Can you make a selection of your favorite movies of all time?

Well, if I could name only one movie that would be The Night of the Hunter. It's a really beautiful film. I love the cinema because it is so diverse. In Sarajevo, you have some great filmmakers, as well. I watched many great movies during the Open Air Cinema in Sarajevo that I loved. These were very different movies and I loved the idea behind them.

6. Art is also an important part of your life. You incorporate art in your fashion line, as well. What is your perception of art?

I was always interested in art, various types of art, and writings on the walls... Being born in Versailles, it was normal for me to spend my days in the park, where there was beautiful light, beautiful statues, the water... It was our garden and it was so beautiful. So, ever since I was a little girl, I was interested in art. There weren't that many tourists at the time, so I could really enjoy the artful scenery. It was definitely different from today, more poetic. I was surrounded by all that beauty and it was normal to me. I wanted to go behind the doors of the castle, to be close to art and dreamed of becoming a museum curator one day. Now, speaking of Sarajevo, I found beautiful street art there. I took photos of many graffiti that I found interesting. They told me an interesting story, from the war that I find so hilarious. During the siege, there was graffiti on the post office building. It said 'This is Serbia'. Someone scratched it out and wrote, 'This is a post office, you idiot.' I love this form of expression. That's the Sarajevo spirit. It's really unlike any other in the world.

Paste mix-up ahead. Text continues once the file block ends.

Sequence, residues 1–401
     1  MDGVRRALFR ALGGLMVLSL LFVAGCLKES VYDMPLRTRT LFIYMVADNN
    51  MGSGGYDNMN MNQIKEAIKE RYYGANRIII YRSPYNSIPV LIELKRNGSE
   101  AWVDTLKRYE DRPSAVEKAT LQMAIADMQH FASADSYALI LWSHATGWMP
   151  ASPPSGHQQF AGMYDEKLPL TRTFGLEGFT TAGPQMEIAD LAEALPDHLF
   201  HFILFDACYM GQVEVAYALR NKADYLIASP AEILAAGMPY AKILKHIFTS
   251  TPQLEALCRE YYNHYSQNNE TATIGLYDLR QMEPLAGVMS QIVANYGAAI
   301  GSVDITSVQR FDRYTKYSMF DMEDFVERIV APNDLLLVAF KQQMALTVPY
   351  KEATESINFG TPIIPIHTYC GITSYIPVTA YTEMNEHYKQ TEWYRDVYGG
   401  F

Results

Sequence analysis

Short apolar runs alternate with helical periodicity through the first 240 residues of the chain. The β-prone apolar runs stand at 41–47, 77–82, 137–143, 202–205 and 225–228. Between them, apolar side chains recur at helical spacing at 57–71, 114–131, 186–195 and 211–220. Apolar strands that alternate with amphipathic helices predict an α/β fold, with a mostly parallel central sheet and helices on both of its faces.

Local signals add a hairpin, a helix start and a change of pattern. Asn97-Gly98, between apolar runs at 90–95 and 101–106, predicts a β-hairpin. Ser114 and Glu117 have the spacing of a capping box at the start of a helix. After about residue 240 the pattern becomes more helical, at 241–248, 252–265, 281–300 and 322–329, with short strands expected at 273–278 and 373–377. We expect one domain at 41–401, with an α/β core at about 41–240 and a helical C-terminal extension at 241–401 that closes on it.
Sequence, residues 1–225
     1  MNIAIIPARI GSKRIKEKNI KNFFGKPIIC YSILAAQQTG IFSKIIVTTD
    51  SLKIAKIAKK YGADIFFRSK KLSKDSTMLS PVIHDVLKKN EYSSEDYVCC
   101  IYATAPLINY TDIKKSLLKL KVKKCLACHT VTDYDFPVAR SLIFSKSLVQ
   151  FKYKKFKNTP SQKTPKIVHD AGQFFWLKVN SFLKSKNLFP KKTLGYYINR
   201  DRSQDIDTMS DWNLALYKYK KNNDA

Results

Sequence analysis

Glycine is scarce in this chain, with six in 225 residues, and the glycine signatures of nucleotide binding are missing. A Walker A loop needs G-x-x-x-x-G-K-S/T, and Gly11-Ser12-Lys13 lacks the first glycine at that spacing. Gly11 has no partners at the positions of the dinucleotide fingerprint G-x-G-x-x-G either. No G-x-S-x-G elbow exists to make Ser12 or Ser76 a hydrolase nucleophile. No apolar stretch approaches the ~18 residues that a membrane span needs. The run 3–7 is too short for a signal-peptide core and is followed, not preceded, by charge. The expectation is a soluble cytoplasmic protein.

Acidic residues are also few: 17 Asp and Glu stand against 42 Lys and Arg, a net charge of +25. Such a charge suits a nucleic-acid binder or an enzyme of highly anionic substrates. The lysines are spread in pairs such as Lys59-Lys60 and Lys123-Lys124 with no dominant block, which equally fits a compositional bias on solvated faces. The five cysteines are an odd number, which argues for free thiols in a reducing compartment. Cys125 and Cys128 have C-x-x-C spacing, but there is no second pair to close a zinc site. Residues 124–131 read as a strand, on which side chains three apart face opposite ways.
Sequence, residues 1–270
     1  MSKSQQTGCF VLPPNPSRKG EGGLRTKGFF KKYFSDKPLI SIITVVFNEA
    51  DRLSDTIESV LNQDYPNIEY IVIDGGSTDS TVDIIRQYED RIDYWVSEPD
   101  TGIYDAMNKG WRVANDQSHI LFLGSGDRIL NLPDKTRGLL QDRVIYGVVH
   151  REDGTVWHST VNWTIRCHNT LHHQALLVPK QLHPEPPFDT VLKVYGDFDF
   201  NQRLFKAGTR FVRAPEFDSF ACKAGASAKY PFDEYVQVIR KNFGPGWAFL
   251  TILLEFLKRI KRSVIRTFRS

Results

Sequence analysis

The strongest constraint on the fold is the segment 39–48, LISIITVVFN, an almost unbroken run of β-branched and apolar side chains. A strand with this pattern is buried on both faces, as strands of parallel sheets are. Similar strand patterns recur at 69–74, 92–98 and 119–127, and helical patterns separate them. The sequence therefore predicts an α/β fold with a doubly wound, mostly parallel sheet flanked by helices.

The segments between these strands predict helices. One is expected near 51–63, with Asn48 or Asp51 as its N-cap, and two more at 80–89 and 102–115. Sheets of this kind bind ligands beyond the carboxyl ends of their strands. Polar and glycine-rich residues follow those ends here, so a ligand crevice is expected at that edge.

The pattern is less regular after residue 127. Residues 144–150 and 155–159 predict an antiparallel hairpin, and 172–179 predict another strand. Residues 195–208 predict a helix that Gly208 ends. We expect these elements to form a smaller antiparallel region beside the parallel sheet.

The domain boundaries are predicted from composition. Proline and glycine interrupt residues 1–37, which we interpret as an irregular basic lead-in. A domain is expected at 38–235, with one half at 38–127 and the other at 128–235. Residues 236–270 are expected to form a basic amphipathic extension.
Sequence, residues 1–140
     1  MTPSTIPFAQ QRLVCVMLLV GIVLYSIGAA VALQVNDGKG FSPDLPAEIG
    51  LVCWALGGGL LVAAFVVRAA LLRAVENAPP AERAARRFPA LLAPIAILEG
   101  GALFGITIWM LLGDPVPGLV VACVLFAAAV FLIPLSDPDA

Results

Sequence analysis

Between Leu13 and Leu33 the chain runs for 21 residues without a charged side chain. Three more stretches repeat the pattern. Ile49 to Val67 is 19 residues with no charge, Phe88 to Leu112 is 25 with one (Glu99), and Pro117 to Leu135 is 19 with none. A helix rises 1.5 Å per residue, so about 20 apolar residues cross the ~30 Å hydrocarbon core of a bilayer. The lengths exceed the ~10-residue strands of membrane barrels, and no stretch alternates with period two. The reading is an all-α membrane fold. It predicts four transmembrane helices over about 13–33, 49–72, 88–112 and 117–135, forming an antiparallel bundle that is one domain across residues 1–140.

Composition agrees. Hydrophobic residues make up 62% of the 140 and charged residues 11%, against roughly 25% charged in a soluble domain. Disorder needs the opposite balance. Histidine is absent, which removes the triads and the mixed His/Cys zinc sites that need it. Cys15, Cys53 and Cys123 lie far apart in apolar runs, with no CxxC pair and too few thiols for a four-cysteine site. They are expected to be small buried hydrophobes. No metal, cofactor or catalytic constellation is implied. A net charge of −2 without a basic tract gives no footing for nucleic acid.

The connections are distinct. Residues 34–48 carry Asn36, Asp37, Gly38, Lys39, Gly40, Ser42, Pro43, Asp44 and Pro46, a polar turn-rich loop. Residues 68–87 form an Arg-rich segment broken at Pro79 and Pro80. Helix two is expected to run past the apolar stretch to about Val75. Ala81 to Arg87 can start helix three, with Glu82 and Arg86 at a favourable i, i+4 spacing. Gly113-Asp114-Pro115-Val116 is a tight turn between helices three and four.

7. Ever since the iconic Dalí and Schiaparelli collaboration, art and fashion go hand-in-hand, constantly influencing and inspiring each other. You have recently unveiled a T-shirt collection inspired by Jean-Michel Basquiat. How would you describe him and his work, having in mind he's your friend and an artist whose work you personally admire?

It was actually just one T-shirt we did. The artwork we used is the one I own in my private collection− his Autoportrait from 1983. I love his work, it's very contemporary and unique. To me, he is one of the most important artists of the 20th century. When he passed away, I was so sad. You know what's funny, I'm somehow always connected to him, even just by postal address. My new foundation, LA FAB, will actually be located at the 1 Place Jean-Michele Basquiat, in the 13th arrondissement of Paris.

8. You foster many young and upcoming artists. What are the most relevant new artists today that you feel people should talk more about and why?

There are different young artists that I personally admire today, which can best be seen through the work we do at the Galerie du Jour. On another note, there is a great exhibition held in New York this year. It's called Beyond the Streets. It showcases street art, graffiti, prints and much more. It's very interesting to me. They feature many great contemporary artists. 

Last time we also spoke about the idea of starting the Agnès b. Foundation. How did the idea evolve over the past couple of years?

Well, I had this idea for a long time; a longing for a place where I can share my personal art collection with the people. It's quite simple, the way I like things to be. I'm working closely with my team to make sure everything is finished on time. I hope people will feel happy once they enter the space. LA FAB will be located in Paris, as I previously said, and it will feature my collection of more than 5000 artworks. It will open in November this year and it will be a place for everybody. There you will also be able to find my T-shirt collections, books, and participate in the screening of different movies... I don't know yet which movie will be screened at the opening, but I will let you know in time.

(Interview was originally published in Gracija magazine, August 2019.)